Black Tuesday II marks beginning of ongoing campaign against Secrecy Bill
- Theresa Mallinson
- 30 Nov 2011 (South Africa)
The National Press Club continued its Black Tuesday anti-Secrecy Bill campaign with a noon protest outside Primedia’s offices in Sandton. The gathering of about 60 journalists remained firm in its resolve to keep on speaking out against the Protection of State Information Bill, while continuing to engage with government on the issue. By THERESA MALLINSON.
“Today is Black Tuesday and if the government chooses not to give into the demands of the people, we'll have Black Monday, Black Tuesday, Black Wednesday, Black Thursday, Black Friday, Black Saturday, and Black Friday. We'll be here every day of the week to protest,” said Yusuf Abramjee, the head of the National Press Club and head of news and current affairs at Primedia Broadcasting. Abramjee, who reiterated the words he spoke outside Parliament exactly a week ago, was addressing the second Black Tuesday protest, held at noon outside the Primedia Offices in Sandton, on the corner of Gwen and Fredman Drive.
The first Black Tuesday protest, an initiative of the National Press Club, was held last week – the day the Protection of State Information Bill, better known as the Secrecy Bill, was passed thanks to the ruling ANC’s majority in the national assembly in Cape Town.
As well as the National Press Club, other industry associations, including the Association for Communication and Advertising, the South African National Editors Forum, the Professional Journalists Association of South Africa, and the Cape Town Press Club, have all supported the call to make Black Tuesday an ongoing campaign to protest the Secrecy Bill.
And the Anglican Archbishop of Cape Town, Thabo Makgoba, has written an open letter to President Jacob Zuma to send the bill back to cabinet, before giving it his assent. “(A)cross the journalistic world, among members of civil society and trade unions, and in community-based and faith-based organisations, there are widespread concerns at both the severe sentences, and the wideranging provisions for classification of material by any organ of state. These have the potential to create an atmosphere similar to repressive apartheid censorship, and thereby gag the truth, hide corruption, conceal maladministration, incompetence and unjust practices and stunt our open society at every level from the national and international to the most local,” wrote Makgoba. “Therefore, I respectfully appeal to you, sir, to consider sending the bill back to cabinet before signing it into law. We know that, if signed as it stands, it will be challenged in the Constitutional Court.”
Abramjee told Daily Maverick many South African journalists covering COP17 in Durban were also wearing black in solidarity. “We have thousands of people throughout South Africa today wearing black,” he added. “This is only the beginning.”
Radio 702's Aki Anistasiou kept the protesters' spirits up by running up and down barking slogans into a megaphone. As usual at such demonstrations, passing cars hooted their support. Journalists and civil-society activists, including Danny Kay, representing Shout South Africa, Jeremy Mansfield, Jessica Pitchford from Carte Blanche; Katy Katopodis, editor-in-chief at EyeWitnessNews; and Abramjee himself all took their turn to say a few words.
“What do we say to censorship? NO! What do we say to media freedom? YES,” shouted Katopodis, to applause from the protesters. “We will not be silenced and we will not be intimidated,” she said. “We are here today to give a very loud and clear message to the government,” said Abramjee. “We are here to say we will not have our rights trampled upon.”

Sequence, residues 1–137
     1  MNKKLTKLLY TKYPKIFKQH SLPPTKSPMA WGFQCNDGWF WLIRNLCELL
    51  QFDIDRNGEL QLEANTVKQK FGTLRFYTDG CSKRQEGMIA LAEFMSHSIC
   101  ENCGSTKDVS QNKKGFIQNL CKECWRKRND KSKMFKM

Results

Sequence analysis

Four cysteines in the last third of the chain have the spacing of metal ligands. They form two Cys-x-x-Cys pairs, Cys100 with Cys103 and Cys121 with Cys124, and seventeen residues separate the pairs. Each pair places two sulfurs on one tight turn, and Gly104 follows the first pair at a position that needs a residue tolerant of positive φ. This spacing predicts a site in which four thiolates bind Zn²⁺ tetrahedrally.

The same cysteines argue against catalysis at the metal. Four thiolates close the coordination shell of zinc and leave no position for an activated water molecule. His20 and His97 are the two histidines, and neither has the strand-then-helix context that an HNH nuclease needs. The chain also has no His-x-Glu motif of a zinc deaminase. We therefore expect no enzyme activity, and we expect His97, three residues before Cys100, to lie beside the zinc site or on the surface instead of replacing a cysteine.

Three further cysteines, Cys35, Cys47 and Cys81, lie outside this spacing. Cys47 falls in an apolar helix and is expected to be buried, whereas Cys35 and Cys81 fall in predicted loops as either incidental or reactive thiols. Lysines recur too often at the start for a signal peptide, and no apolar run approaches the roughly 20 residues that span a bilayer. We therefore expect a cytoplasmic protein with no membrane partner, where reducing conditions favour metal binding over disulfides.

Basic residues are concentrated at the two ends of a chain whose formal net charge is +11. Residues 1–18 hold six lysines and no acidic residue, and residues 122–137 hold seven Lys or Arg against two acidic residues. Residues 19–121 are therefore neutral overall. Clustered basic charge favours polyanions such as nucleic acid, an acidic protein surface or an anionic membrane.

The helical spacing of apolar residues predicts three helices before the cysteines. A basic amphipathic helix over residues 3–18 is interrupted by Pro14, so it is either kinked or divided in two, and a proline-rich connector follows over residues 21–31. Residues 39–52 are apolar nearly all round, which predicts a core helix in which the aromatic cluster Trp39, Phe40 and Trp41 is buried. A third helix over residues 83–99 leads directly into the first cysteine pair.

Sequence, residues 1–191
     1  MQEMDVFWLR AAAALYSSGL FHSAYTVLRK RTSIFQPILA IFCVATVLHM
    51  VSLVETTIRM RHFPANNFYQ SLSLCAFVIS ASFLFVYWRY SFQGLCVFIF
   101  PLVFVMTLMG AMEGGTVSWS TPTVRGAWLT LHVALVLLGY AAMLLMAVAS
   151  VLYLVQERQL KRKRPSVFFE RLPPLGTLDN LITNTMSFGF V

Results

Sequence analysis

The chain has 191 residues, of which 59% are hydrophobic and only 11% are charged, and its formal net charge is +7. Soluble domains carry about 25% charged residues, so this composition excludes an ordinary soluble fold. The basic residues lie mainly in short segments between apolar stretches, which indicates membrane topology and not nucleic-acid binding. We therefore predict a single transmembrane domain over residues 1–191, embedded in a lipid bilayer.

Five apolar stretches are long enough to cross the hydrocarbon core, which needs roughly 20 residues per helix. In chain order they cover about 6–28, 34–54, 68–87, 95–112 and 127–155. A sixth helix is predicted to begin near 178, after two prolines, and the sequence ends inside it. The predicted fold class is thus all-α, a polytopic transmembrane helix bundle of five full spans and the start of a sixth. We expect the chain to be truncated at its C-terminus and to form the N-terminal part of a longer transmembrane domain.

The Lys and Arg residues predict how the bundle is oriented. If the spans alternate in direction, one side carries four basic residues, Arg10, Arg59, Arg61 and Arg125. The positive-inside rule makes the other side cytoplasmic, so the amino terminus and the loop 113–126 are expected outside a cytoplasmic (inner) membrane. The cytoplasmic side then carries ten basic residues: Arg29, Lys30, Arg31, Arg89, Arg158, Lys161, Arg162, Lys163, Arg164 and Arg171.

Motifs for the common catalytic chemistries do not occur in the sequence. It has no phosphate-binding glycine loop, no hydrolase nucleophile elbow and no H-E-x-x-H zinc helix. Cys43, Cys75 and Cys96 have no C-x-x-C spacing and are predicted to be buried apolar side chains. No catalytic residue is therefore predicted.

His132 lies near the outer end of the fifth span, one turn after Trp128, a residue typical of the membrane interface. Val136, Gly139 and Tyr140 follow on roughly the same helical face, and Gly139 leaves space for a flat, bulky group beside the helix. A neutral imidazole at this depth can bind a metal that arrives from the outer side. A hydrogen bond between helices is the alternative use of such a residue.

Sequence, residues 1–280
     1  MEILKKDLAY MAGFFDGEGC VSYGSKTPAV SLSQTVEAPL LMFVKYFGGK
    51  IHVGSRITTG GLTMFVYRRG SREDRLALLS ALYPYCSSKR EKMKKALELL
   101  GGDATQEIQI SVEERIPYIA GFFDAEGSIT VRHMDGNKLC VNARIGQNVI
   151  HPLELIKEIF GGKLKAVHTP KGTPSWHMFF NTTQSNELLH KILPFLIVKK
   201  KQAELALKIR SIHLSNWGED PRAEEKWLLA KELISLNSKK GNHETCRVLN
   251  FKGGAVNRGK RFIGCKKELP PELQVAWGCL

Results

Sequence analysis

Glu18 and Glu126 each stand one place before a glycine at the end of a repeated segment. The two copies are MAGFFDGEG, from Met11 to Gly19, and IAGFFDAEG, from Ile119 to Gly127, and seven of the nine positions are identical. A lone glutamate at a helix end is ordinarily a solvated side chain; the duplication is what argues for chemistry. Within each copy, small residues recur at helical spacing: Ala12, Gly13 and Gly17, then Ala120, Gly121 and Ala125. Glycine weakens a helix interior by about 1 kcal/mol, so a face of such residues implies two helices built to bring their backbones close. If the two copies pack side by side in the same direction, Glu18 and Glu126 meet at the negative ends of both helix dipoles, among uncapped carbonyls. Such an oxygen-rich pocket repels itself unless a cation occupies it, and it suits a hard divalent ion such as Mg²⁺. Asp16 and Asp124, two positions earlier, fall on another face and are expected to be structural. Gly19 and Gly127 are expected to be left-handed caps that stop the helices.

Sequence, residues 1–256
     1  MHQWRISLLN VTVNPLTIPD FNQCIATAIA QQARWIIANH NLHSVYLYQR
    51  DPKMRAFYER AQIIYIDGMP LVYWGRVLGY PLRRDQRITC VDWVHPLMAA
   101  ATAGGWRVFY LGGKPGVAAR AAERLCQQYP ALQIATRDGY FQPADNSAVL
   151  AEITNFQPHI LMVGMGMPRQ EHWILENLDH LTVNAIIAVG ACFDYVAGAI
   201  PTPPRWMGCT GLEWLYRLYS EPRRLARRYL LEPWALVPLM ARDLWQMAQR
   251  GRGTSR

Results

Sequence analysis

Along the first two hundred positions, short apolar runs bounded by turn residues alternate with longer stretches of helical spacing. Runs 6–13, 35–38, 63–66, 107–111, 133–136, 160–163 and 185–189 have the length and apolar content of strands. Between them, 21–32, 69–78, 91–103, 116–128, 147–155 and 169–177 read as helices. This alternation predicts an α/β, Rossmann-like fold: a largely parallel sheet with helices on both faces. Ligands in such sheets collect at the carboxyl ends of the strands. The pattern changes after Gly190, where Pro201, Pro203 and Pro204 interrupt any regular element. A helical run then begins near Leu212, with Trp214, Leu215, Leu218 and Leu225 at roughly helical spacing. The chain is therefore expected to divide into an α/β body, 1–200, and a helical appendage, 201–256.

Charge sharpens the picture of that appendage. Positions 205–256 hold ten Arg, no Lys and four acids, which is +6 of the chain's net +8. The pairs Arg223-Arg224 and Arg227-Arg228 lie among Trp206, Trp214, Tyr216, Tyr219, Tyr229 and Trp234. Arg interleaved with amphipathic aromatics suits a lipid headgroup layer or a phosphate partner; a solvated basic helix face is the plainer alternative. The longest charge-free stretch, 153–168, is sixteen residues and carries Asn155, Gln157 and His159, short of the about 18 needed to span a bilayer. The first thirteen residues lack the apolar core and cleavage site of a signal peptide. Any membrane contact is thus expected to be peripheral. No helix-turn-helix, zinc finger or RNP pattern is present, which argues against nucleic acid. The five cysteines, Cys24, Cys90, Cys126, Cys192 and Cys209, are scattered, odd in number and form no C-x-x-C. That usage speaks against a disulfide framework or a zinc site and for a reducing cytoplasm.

Abramjee stressed that opposition to the Secrecy Bill was not about being opposed to the ruling party. “It's not about being anti-ANC, or pro-opposition,” he said. “It's about standing up and fighting for our rights and freedoms.” Abramjee also said Sanef will continue to engage with government and other bodies around the bill. On Wednesday the editors' body is set to meet Cosatu secretary general Zwelinzima Vavi, and the Right2Know Campaign to discuss the bill. Both Cosatu and Right2Know firmly oppose the bill as it stands, and have indicated their willingness to take it to the Constitutional Court, should it be signed into law. On Friday, Sanef will meet with Public Protector Thuli Madonsela, whose office is currently investigating the bill. On Tuesday Sanef will meet with ANC chief whip Mathole Motshekga, as well as two representatives from Parliament's ad hoc committee on the Protection Of State Information Bill – most likely ANC MPs Luwellyn Landers and Cecil Burgess.
The Black Tuesday initiative has been criticised as focusing only on the implications the Secrecy Bill has for the media, particularly investigative journalists, while ignoring the effect it will have on ordinary citizens, but Abramjee dismissed such criticism. “The media came up with the initiative,” he said. “(But we're) sending a very clear message that this is not only about the media, but the rights of every citizen.” He added that any “struggle people” know there will be those opposed to their activities, but opponents of the bill will “take it on the chin”.
Abramjee ended off his address to the crowd by reminding them that there are still several process the bill must go through before it is finally passed. “We hope that the National Council of Provinces will continue to allow for ongoing consultation,” Abramjee said. “Even if it approves this bill we say to Zuma not to sign this bill into law – do the right thing.” However, he had stern words about what would happen if the bill did become law. “The day we win this battle in the Constitutional Court we want them (the ANC) to wear black as a sign of what they have done,” he said. DM
Photos: Theresa Mallinson for iMaverick
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